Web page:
New Delhi: India is all set to remain firm on its deal with Russia for the S-400 Triumf air defence system, even as Washington is pushing New Delhi to buy US interceptors and missiles, while selling armed drones and possibly offering F-35 fighter jets.
According to a PTI report Saturday, the Donald Trump administration has approved the sale of armed drones to India.
Top sources in the defence establishment said India will go ahead in the acquisition of the S-400 system, which can destroy incoming hostile aircraft, missiles and even drones at ranges of up to 400 km, for which the contract was signed in October 2018.
“It is a done deed,” an official source told ThePrint.
Asked if there was the possibility of India backing out of the deal, he said that was “always possible in all contracts” but any such decision would come with “severe consequences”.
A second government source told ThePrint that there is nothing “at the moment” when asked if India will go back on the deal.
“The Russians will be annoyed,” he said. “Remember that it is not just Russian fighters and air defence system we are talking here. In many fields such as in the nuclear sector, Russians are our only source. They are playing a big role in the nuclear submarine programme also. It will also affect the oil business and relations in other areas,” he added.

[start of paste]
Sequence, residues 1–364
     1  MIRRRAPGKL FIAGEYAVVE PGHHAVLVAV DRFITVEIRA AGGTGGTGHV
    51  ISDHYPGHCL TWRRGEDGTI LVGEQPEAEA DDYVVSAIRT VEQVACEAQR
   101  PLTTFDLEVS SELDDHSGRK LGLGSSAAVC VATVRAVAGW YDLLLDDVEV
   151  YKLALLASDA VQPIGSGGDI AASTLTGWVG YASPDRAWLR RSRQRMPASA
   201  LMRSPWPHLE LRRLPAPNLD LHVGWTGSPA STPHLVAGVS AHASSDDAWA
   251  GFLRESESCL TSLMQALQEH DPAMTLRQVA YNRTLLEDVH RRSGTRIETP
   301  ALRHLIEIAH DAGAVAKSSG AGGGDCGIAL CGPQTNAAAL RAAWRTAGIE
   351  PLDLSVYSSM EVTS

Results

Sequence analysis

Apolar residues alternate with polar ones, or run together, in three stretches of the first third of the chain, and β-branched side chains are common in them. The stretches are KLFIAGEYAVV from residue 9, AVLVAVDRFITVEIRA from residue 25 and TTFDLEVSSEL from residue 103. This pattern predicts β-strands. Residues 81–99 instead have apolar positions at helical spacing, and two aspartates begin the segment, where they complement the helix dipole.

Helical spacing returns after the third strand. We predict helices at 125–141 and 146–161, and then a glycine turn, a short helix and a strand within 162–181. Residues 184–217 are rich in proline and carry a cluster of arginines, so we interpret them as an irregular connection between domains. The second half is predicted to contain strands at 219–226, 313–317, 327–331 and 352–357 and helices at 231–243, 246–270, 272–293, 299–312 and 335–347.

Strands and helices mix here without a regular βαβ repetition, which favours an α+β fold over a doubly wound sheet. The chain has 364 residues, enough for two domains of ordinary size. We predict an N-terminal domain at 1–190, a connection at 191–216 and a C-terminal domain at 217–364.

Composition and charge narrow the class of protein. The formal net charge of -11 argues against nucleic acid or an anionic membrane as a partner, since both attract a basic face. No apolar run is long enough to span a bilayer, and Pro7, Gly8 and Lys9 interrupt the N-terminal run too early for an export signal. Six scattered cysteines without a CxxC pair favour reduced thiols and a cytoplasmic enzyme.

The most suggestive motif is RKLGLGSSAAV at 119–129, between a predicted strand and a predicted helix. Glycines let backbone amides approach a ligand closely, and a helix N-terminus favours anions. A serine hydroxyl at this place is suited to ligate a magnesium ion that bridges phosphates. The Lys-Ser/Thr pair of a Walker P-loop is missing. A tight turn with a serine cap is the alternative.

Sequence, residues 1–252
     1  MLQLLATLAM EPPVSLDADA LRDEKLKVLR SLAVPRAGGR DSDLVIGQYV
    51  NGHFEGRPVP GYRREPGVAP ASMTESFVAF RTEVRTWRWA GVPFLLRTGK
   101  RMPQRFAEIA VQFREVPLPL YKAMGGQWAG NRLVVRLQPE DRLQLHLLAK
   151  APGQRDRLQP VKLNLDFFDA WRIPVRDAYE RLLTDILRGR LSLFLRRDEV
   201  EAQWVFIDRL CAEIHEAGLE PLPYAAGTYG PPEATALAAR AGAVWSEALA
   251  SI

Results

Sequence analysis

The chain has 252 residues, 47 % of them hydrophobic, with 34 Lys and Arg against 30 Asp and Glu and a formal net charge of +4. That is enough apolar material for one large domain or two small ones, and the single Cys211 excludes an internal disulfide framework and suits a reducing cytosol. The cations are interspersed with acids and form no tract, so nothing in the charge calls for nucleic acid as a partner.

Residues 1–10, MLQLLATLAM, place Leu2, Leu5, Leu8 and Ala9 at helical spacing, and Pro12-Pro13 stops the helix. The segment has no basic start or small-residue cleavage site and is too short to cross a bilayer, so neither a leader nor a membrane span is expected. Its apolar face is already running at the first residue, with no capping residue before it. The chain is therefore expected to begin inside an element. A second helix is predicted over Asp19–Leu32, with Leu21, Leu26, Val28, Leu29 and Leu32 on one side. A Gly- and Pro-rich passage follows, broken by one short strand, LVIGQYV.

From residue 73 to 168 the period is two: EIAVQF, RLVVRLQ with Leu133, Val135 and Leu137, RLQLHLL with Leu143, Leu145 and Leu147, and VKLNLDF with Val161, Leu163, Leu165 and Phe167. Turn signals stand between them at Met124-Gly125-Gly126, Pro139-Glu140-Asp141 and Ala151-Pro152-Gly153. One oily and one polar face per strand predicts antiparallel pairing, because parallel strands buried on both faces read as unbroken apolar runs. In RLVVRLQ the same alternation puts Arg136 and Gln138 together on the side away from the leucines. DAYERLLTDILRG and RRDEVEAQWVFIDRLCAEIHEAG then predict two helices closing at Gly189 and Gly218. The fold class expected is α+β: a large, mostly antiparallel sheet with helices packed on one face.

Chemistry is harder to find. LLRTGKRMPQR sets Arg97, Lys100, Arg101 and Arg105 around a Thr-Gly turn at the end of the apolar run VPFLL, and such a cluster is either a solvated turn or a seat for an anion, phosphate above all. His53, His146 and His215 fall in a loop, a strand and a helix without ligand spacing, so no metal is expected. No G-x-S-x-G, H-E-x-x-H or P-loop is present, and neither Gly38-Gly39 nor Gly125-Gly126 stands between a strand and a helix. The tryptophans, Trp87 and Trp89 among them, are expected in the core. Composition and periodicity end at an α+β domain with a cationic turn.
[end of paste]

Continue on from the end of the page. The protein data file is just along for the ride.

India is also closely monitoring the ongoing tussle between the US and Turkey, a NATO ally, which has also demonstrated its interest in the buying the S-400. The Americans have given Turkey an ultimatum on its proposed deal for the Russian S-400 system.
India is keenly aware the US may not grant it a waiver of CAATSA (Countering America’s Adversaries Through Sanctions Act) sanctions, which the Trump administration is determined to impose on countries that have defence interests with Russia.
Americans offer THAAD, F-35 jets
To sweeten its demand to abandon the Russian contract, the US offering the Terminal High Altitude Area Defence system (THAAD) along with Patriot missiles as well as F-35 stealth fighters.
However, sources in the Indian Air Force said no formal offer had been made, nor has India formally shown any interest in the aircraft, which on paper would be cheaper than the Rafale jets Delhi is buying from France.
India is currently in the process of coming out with a formal tender (request for proposal) for 114 fighter jets. Incidentally, one of the contenders is US firm Lockheed Martin, which is now offering its F-21 single engine fighter aircraft.
The firm also manufactures the F-35 stealth fighters and is the only one in the world to have a single engine aircraft as well as a fifth generation fighter.
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